10 CFR Part 430, Subpart B, Appendix D1 to Subpart B of Part 430 - Uniform Test Method for Measuring the Energy Consumption of Clothes Dryers

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View PDF at GPOPt. 430, Subpt. B, App. D1
Appendix D1 to Subpart B of Part 430—Uniform Test Method for Measuring the Energy Consumption of Clothes Dryers
Note:
Effective February 10, 2014, manufacturers must make representations of energy efficiency, including certifications of compliance, using appendix D. Compliance with DOE's amended standards for clothes dryers, and corresponding use of the test procedures at appendix D1 for all representations, including certifications of compliance, is required as of January 1, 2015. Manufacturers must use a single appendix for all representations, including certifications of compliance, and may not use appendix D for certain representations and appendix D1 for other representations. The procedures in appendix D2 need not be performed to determine compliance with energy conservation standards for clothes dryers at this time. However, manufacturers may elect to use the amended appendix D, D1, or D2 early.
1. Definitions
1.1 “Active mode” means a mode in which the clothes dryer is connected to a main power source, has been activated and is performing the main function of tumbling the clothing with or without heated or unheated forced air circulation to remove moisture from the clothing, remove wrinkles or prevent wrinkling of the clothing, or both.
1.2 “AHAM” means the Association of Home Appliance Manufacturers.
1.3 “AHAM HLD-1” means the test standard published by the Association of Home Appliance Manufacturers, titled “Household Tumble Type Clothes Dryers” (2009), AHAM HLD-1-2009 (incorporated by reference; see § 430.3).
1.4 “Automatic termination control” means a dryer control system with a sensor which monitors either the dryer load temperature or its moisture content and with a controller which automatically terminates the drying process. A mark, detent, or other visual indicator or detent which indicates a preferred automatic termination control setting must be present if the dryer is to be classified as having an “automatic termination control.” A mark is a visible single control setting on one or more dryer controls.
1.5 “Bone dry” means a condition of a load of test clothes which has been dried in a dryer at maximum temperature for a minimum of 10 minutes, removed, and weighed before cool down, and then dried again for 10-minute periods until the final weight change of the load is 1 percent or less.
1.6 “Compact” or “compact size” means a clothes dryer with a drum capacity of less than 4.4 cubic feet.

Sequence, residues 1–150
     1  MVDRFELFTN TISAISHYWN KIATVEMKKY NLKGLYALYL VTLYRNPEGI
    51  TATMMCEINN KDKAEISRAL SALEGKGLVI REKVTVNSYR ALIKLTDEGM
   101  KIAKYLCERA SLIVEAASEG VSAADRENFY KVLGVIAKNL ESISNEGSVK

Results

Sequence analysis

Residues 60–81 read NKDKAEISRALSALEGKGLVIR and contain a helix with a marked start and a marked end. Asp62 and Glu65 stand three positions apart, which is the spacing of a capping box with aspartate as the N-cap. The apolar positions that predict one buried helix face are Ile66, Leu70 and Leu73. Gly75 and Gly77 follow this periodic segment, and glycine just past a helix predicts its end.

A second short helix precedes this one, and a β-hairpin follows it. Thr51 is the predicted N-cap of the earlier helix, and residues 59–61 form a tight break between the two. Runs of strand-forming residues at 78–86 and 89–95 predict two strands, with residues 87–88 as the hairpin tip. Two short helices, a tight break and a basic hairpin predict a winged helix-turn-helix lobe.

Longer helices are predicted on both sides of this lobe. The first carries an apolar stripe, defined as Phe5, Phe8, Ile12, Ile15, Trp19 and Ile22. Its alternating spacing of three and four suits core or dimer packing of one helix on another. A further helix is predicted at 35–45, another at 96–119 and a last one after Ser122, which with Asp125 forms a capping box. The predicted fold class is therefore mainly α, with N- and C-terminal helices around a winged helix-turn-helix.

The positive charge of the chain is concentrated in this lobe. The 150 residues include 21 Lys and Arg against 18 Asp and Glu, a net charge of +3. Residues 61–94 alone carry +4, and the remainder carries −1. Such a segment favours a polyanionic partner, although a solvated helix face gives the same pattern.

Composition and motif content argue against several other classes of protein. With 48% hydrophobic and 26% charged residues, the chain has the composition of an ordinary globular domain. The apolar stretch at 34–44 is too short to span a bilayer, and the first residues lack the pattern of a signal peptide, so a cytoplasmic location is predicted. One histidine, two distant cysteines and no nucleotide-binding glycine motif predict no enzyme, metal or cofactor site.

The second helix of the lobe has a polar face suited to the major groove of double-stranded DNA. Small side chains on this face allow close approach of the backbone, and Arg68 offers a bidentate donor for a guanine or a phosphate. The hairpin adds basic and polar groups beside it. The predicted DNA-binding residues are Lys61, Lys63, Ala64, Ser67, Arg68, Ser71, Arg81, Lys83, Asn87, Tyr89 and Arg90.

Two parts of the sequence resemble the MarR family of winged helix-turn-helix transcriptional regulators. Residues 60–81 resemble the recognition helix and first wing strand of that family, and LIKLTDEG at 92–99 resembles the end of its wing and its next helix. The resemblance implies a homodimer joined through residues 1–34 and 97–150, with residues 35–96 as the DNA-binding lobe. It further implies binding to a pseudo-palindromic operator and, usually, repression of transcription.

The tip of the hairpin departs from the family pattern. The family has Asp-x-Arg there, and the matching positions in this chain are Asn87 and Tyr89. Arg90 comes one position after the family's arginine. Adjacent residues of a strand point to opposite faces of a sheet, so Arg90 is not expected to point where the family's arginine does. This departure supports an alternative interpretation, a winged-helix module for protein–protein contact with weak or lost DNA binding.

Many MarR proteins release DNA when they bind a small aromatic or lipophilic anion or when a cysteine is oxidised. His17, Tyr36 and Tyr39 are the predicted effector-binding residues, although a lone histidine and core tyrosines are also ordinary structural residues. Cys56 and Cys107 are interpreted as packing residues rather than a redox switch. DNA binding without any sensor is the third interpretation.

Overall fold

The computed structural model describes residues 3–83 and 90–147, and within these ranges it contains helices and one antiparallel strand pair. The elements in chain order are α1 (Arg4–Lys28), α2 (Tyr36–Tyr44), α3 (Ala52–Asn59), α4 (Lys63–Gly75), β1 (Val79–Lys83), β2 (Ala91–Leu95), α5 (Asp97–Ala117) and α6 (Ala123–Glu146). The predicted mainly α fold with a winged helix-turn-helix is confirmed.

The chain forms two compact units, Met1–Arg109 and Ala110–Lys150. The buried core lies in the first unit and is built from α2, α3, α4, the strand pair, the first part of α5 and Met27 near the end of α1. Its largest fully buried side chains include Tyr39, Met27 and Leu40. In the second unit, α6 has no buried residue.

1.7 “Conventional clothes dryer” means a clothes dryer that exhausts the evaporated moisture from the cabinet.
1.8 “Cool down” means that portion of the clothes drying cycle when the added gas or electric heat is terminated and the clothes continue to tumble and dry within the drum.
1.9 “Cycle” means a sequence of operation of a clothes dryer which performs a clothes drying operation, and may include variations or combinations of the functions of heating, tumbling, and drying.
1.10 “Drum capacity” means the volume of the drying drum in cubic feet.
1.11 “IEC 62301” (Second Edition) means the test standard published by the International Electrotechnical Commission (“IEC”) titled “Household electrical appliances—Measurement of standby power,” Publication 62301 (Edition 2.0 2011-01) (incorporated by reference; see § 430.3).
1.12 “Inactive mode” means a standby mode that facilitates the activation of active mode by remote switch (including remote control), internal sensor, or timer, or that provides continuous status display.
1.13 “Moisture content” means the ratio of the weight of water contained by the test load to the bone-dry weight of the test load, expressed as a percent.
1.14 “Moisture sensing control” means a system which utilizes a moisture sensing element within the dryer drum that monitors the amount of moisture in the clothes and automatically terminates the dryer cycle.
1.15 “Off mode” means a mode in which the clothes dryer is connected to a main power source and is not providing any active or standby mode function, and where the mode may persist for an indefinite time. An indicator that only shows the user that the product is in the off position is included within the classification of an off mode.
1.16 “Standard size” means a clothes dryer with a drum capacity of 4.4 cubic feet or greater.
1.17 “Standby mode” means any product modes where the energy using product is connected to a main power source and offers one or more of the following user-oriented or protective functions which may persist for an indefinite time:
(a) To facilitate the activation of other modes (including activation or deactivation of active mode) by remote switch (including remote control), internal sensor, or timer.
(b) Continuous functions, including information or status displays (including clocks) or sensor-based functions. A timer is a continuous clock function (which may or may not be associated with a display) that provides regular scheduled tasks (e.g., switching) and that operates on a continuous basis.
1.18 “Temperature sensing control” means a system which monitors dryer exhaust air temperature and automatically terminates the dryer cycle.
1.19 “Ventless clothes dryer” means a clothes dryer that uses a closed-loop system with an internal condenser to remove the evaporated moisture from the heated air. The moist air is not discharged from the cabinet.
2. Testing Conditions
2.1 Installation.